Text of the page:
First, the obligations on developing countries: to end corruption and meet international standards in public financial management and accountability, put in place stable economic policies and invite investment, meet their commitment to community ownership of their poverty reduction strategies and ensure resources go to fighting poverty including education and health.

Second, the obligations on the richest governments to the poorest of the world: our commitment to tackling the inequalities through a substantial and decisive transfer of resources – not aid that entrenches dependency but investment that empowers development – investment money that is, in the truest sense of the world, increasing the capacity of the poorest countries.

Third, the obligations on the world community as a whole – International Institutions: to reform systems to ensure greater transparency and openness, to open up trade and the opportunities for faster development, and to focus on priorities that meet the Millennium Development Goals.

Fourth, the obligations on Non-Government Organisations and faith groups: to ensure that developed and developing countries, business and international organisations are held accountable for progress towards the Millennium Development Goals and to coordinate their efforts in giving voice to the voiceless and empowering the powerless.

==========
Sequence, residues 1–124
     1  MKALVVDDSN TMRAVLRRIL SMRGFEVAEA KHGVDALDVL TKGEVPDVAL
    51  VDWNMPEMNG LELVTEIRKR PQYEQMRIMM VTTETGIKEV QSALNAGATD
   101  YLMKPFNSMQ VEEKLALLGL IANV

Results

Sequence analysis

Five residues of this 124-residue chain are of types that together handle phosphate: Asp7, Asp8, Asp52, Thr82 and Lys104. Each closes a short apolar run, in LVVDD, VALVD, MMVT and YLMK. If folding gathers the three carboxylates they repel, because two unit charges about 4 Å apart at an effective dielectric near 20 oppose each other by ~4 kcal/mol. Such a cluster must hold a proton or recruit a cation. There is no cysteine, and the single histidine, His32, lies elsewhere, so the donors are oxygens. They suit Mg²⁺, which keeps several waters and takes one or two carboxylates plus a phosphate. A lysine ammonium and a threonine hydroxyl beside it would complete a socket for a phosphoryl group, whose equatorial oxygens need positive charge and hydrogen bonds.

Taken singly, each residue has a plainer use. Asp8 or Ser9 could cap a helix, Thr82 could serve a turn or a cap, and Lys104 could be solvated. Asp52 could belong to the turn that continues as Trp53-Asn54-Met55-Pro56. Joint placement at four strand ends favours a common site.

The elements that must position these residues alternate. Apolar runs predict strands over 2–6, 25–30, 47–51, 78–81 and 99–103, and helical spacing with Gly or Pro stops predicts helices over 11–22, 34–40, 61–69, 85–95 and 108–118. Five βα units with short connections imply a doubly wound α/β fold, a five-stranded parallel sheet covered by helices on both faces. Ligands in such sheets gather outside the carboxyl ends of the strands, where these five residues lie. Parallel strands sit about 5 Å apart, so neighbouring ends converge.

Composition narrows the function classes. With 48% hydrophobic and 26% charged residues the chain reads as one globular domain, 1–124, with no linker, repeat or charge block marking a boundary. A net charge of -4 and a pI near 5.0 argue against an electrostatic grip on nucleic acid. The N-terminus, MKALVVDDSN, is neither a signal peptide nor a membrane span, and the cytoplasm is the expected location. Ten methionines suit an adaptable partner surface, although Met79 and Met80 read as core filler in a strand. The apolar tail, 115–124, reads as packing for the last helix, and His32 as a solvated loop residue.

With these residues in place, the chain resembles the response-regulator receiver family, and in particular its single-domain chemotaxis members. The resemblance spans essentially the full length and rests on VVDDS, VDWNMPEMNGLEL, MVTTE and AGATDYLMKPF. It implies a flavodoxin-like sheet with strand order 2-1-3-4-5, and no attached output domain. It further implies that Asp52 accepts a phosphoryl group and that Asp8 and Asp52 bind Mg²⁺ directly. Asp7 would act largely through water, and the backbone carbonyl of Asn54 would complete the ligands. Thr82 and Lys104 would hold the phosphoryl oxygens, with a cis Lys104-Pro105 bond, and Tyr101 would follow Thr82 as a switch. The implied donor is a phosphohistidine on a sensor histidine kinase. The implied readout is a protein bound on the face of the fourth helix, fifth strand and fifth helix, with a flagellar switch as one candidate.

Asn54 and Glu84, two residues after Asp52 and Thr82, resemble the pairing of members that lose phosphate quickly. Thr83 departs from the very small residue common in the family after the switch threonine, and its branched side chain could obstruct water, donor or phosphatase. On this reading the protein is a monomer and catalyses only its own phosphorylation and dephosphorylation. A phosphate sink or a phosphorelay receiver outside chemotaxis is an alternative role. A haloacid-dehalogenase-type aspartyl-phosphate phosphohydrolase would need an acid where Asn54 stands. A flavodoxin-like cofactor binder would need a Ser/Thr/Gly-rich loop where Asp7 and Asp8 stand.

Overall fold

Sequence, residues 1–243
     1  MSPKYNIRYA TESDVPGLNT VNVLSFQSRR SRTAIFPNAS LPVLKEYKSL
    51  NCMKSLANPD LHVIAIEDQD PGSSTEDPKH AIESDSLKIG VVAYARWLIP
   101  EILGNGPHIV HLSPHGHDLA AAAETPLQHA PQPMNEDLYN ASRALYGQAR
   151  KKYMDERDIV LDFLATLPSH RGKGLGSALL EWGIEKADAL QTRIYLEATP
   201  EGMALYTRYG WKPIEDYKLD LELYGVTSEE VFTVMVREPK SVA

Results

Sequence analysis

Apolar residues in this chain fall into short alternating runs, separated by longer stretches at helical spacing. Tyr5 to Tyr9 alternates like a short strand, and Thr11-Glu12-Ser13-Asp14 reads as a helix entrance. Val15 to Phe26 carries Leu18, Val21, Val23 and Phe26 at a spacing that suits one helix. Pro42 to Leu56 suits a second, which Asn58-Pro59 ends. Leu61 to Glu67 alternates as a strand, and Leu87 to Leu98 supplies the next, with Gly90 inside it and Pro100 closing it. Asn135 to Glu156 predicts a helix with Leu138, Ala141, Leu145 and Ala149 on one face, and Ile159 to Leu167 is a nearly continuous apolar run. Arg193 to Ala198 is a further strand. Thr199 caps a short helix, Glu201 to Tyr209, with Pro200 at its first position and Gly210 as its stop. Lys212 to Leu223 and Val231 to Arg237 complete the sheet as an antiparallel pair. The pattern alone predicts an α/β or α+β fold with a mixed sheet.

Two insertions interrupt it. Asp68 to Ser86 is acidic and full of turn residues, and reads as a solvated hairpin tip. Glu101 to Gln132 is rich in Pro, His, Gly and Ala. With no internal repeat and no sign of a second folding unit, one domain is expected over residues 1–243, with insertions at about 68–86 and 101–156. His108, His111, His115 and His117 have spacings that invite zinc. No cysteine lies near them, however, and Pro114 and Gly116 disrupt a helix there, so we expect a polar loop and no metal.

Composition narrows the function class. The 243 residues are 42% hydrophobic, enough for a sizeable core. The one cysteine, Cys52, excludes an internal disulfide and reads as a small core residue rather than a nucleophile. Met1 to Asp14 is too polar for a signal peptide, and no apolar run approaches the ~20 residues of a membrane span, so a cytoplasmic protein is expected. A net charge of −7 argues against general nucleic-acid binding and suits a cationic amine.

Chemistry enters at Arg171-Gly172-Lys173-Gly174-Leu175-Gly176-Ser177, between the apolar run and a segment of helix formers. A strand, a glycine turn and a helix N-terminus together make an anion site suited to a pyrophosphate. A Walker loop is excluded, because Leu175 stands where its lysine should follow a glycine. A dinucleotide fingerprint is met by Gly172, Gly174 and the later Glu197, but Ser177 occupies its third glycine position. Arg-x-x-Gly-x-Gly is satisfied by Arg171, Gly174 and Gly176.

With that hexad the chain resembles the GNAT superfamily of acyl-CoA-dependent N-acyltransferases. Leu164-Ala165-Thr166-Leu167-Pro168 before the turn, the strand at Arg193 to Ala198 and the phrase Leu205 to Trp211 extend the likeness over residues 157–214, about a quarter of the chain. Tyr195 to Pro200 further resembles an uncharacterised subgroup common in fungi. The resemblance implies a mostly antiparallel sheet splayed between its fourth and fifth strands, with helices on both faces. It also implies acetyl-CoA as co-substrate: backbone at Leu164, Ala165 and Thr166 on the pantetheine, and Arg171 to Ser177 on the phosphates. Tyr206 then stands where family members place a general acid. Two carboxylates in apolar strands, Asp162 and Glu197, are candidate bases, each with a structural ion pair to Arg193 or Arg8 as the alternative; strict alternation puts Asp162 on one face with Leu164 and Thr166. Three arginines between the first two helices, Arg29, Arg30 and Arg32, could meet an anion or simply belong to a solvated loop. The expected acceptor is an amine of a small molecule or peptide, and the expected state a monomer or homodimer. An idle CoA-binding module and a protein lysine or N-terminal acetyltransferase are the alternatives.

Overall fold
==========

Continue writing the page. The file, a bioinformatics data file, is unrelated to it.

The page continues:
And finally, the obligations on business: to engage with the development challenge and not to walk away – investing in developing countries, participating in a dialogue and playing their part in preventing and resolving economic crises.

So today I have suggested that a new partnership between NGOs and business and governments is essential, feasible and urgent.

Essential because we recognise that if the world is to do well in the next decades the developing countries must be at the heart of progress.

Feasible because while there is much that divides people with views on globalisation there is a great deal more today that unites us on the means by which the development process can advance.

And urgent because we know that for the 115 million children not going to school today, for the thirty thousand mothers facing the death today of their infant child, and for the two billion people living on less than $2 a day for all their necessities, development can mean the difference between life and death.

And of course this new development programme is essential, feasible and urgent for one further set of reasons.

Since the tragic events of September 11th we have recognised a profound and pervasive truth: that what happens to the poorest citizen in the poorest country can directly affect the richest citizen in the richest country and as individuals and nations we are dependent upon each other for our security and prosperity.